The army tried to tell them it would take too long: “Tell that lady in La Porte City that she can have her escort in—take it or leave it—ten to fifteen more days.” Peg’s response was typically trenchant: “You can tell that sonuvabitch in the Pentagon that I’ll wait fifteen years for my son to come back! My son’s dead! We could put off having him come back in a casket forever!” When the Mullens continued to insist, they were threatened with reprisal against the escort, who, they were told, would probably be returned to combat even if he had a safe job now.
When Michael’s body did arrive home, the wound bore little relation to accounts of his death, and the Mullens’ anxieties were further aroused. They began to write and to receive letters from his comrades. And it wasn’t long before they realized that deaths like Michael’s, which was called by the army “misadventure” from “friendly fire,” were nonbattle casualties and therefore not being reported to the American people. There were other categories, too, by which the deaths in Vietnam could be reported in such a way as to make Americans think they were fewer in number than they were.
The Mullens resolved to spend Michael’s gratuity pay in some way to bring this situation to the attention of other Iowans. They took a half-page ad in a Sunday Des Moines Register, showing, simply, 714 crosses for the 714 Iowans who had died in Vietnam. Encouraged by an uproar of questioning and concern, they were drawn more deeply into a campaign of obsessive letter-writing, phoning, visits, and public appearances. From the beginning their concern was to educate other Iowans—middle Americans of whom, as Bryan says, they continued to think of themselves as representative, even when they appeared to be most alienated from the attitudes of their community.
As Middle Western, middle-aged farmers who had given a son for their country, they had an image untainted by radicalism in any form, and, perhaps unlike long-haired peaceniks, they did get answers to their letters, people in Washington returned their calls—and they also got what they would not have believed possible in a land whose goodness and integrity they had taken for granted: lies from American generals who looked them straight in the eye, insults and physical abuse in the course of peaceful protest, verbal abuse from their own senator (Jack Miller. Harold Hughes appears to have been responsive and concerned). They became enemies in the eyes of their country.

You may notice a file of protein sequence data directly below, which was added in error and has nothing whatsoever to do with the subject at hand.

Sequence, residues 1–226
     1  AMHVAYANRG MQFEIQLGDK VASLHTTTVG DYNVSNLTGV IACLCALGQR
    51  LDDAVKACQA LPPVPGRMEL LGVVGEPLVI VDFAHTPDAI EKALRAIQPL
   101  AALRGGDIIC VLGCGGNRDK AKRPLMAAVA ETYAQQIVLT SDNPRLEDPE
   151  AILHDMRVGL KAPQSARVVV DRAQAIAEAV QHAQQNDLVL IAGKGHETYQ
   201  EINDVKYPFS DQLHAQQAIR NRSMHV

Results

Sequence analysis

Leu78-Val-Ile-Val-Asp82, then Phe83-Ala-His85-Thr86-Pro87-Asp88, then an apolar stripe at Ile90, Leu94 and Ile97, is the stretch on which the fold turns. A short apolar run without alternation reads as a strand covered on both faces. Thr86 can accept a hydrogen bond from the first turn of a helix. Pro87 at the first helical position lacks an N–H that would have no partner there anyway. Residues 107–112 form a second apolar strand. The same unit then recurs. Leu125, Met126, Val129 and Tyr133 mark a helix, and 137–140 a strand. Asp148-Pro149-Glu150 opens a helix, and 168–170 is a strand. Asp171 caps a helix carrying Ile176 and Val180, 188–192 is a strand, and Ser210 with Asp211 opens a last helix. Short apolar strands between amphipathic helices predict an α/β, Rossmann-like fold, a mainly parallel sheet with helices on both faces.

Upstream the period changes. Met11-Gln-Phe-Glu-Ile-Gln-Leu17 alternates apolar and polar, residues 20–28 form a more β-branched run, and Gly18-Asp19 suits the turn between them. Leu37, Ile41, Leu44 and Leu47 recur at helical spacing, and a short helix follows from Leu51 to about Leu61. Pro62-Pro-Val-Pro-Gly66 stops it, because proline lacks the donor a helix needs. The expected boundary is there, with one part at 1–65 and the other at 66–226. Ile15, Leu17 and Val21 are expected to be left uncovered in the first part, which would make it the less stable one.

At one point Peg Mullen says to a Pentagon official, “Colonel, we can read. We’re not just stupid farmers out here.” It was this realization, however belated, that had panicked an administration which had counted on the support of “the heart of America.” Now the Mullens, who thought of themselves as representative Americans, were placed on “lists,” put under surveillance, and probably wiretapped along with the dangerous radicals and intellectuals. It was never clear who was meant to be left as the constituency.
How can one explain the reluctance of people in the Midwest to recognize what was happening in Vietman? In part it may have been simple lack of information. Midwesterners who go to live elsewhere learn fast enough—and many express the feeling that there was much they had not heard at home, especially from the Midwestern press. People who live in urban centers forget, or perhaps cannot imagine, the regional variations in the treatment of current events in this country, even though local differences are taken for granted as natural, even charming, in much smaller nations like England. Add to this that Midwesterners are often deeply skeptical, not credulous, and it seems likely that many people didn’t believe much of the news that came from untrustworthy Eastern places likes Washington.